Vitamin D3 is made in human skin on exposure to ultraviolet radiation while vitamin D2 is only available to humans from enriched foods and vitamins. Although vitamin D3 can also be synthesised artificially, it is not used for food supplementation in Malawi or the surrounding countries. Hence vitamin D3 found in these populations is the direct result of solar-driven photosynthesis.

Methods

Study design

The NVAZ (nevirapine (NVP)/zidovudine (AZT)) study, a randomised clinical trial for prevention of MTCT of HIV-1 conducted in Malawi in 2000–2004, was approved by the College of Medicine, University of Malawi and the Johns Hopkins Bloomberg School of Public Health Institutional Review Boards. The current study is a secondary analysis of laboratory samples collected in that trial.16 Details of the study including recruitment, sample collection processing and storage have been described elsewhere.16 All women were breastfeeding their infants in the NVAZ study and no restrictions on duration of breastfeeding for HIV infected mothers were implemented at the time when the study was conducted.

In the current analysis, we measured longitudinal vitamin D levels in 21 HIV uninfected children born to HIV infected women. The 21 children included in the study were dark-skinned and samples were collected from the mother and baby at the same time of the year. We chose infants for whom plasma samples from the first and second visits (birth and 6–8 weeks, respectively), as well as serum samples for visits at 12, 15, 18 and 24 months, were available. The selection of infants was not based on any knowledge of the clinical status of the infant of the mother. We also included matched breast milk samples for all of the aforementioned visits; and matched maternal plasma samples at the first (delivery) and second (6–8 weeks postpartum) visits. Z-scores were calculated at each visit using standard anthropometric measurements obtained with the child lying supine.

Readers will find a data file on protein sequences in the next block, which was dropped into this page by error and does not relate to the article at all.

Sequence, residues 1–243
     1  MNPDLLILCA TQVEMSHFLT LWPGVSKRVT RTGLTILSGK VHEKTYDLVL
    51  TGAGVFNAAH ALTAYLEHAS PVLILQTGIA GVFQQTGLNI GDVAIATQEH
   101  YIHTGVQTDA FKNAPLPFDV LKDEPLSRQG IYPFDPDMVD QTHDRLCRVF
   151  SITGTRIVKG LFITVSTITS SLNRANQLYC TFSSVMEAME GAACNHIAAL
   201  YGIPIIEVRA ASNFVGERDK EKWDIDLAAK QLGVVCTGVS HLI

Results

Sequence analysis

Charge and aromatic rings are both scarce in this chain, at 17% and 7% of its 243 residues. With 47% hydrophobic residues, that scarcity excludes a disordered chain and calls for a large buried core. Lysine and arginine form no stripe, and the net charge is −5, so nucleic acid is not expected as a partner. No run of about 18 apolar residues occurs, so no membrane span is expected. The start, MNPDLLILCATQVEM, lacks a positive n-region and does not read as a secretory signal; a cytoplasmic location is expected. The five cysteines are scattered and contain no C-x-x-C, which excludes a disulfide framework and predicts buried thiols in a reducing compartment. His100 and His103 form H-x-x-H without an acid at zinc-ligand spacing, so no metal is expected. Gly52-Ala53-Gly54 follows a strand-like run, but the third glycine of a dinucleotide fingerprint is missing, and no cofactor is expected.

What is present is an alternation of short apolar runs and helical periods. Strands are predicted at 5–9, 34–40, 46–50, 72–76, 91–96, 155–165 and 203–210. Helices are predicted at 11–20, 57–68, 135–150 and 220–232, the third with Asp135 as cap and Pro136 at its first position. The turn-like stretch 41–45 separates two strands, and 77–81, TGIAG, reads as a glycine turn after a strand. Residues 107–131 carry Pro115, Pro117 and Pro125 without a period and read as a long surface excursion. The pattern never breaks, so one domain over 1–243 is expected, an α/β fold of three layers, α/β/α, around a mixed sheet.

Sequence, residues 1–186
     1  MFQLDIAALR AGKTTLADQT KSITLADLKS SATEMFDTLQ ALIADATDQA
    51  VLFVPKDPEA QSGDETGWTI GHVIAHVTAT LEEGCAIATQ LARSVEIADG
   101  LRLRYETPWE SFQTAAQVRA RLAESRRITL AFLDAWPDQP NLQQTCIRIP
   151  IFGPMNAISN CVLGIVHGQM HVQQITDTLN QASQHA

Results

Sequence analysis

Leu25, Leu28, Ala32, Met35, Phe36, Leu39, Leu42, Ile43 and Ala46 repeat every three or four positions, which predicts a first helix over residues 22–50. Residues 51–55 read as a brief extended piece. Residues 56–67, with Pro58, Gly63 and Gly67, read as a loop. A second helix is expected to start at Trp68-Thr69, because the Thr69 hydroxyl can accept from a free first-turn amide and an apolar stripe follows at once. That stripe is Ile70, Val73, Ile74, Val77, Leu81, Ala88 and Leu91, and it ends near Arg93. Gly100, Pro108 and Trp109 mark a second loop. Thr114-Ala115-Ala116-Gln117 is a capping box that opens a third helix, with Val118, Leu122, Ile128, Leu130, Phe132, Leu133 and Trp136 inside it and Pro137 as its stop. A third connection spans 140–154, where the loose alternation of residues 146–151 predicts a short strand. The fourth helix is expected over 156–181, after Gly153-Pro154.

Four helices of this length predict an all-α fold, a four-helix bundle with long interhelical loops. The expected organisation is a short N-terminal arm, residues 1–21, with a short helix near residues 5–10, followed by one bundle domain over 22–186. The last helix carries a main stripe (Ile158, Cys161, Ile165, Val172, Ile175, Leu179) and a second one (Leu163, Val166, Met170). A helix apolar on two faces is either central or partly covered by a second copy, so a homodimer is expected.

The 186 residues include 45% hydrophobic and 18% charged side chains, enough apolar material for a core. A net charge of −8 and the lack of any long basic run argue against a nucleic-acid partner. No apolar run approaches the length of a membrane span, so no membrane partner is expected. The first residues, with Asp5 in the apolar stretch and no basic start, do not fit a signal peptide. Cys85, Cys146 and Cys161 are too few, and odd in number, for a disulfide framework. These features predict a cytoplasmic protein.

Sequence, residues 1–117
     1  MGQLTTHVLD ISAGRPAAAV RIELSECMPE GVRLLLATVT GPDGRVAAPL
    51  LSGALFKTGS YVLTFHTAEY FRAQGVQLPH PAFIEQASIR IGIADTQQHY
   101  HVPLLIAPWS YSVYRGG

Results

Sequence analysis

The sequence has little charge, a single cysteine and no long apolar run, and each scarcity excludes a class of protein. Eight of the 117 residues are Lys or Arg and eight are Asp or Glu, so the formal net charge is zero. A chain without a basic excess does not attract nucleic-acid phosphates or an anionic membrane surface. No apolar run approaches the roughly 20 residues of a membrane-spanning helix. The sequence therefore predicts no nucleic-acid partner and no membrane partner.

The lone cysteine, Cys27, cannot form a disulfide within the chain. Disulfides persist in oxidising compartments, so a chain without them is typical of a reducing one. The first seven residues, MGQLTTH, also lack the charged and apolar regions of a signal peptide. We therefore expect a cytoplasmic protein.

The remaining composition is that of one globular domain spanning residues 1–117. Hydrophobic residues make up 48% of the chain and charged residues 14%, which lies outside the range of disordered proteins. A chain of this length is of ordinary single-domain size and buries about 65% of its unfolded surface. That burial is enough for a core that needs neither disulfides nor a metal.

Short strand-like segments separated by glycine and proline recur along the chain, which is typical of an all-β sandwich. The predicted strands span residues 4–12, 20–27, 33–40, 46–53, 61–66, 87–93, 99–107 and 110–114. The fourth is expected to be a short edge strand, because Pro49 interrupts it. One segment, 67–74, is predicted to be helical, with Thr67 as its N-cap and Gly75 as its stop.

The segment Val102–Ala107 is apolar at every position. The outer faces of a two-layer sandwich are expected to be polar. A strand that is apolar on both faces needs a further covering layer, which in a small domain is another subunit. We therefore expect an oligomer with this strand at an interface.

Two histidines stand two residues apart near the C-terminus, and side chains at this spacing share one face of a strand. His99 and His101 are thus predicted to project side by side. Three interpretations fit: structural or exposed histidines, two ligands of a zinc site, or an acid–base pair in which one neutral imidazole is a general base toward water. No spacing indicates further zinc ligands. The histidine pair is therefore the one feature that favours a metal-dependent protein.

Laboratory measurement of 25-hydroxy vitamin D, D2 and D3

Vitamin D is stable for up to 72 h in plasma and serum at room temperature before freezing,17 and is not affected by multiple freeze/thaw cycles.18 Total 25-hydroxy (OH) D, 25-OH D2 and 25-OH D3 fractions were measured in the samples from children and mothers by isotope-dilution liquid chromatography tandem-mass spectrometry (LC-MS/MS). This method for measuring vitamin D has been previously described.19 It has a recovery of 100% and a limit of detection of 0.1 ng/ml.

Variables considered in the current study of vitamin D

As part of the original parent NVAZ study, sociodemographic and clinical factors were collected at baseline (enrolment) and at subsequent visits as described previously.20 However, there were no measurements of factors that may have influenced the levels of vitamin D in the mothers, such as clothing cover to estimate the amount of body surface area that could be exposed to the sun.

Statistical analysis

Using Fisher's exact test for categorical variables and the Wilcoxon rank-sum test for continuous variables, we compared baseline covariates between those included or not included in this vitamin D study. In addition, we assessed the association of vitamin D3 status in children and mothers with overall child morbidity. Morbidity was defined as a composite of clinical illnesses, hospitalisations, medication use and malnourishment (based on WHO reference values20). We used generalised estimating equations to examine the association between repeated child measures of plasma vitamin D3 (as a continuous variable), baseline maternal vitamin D3 and child morbidity after adjusting for breastfeeding status.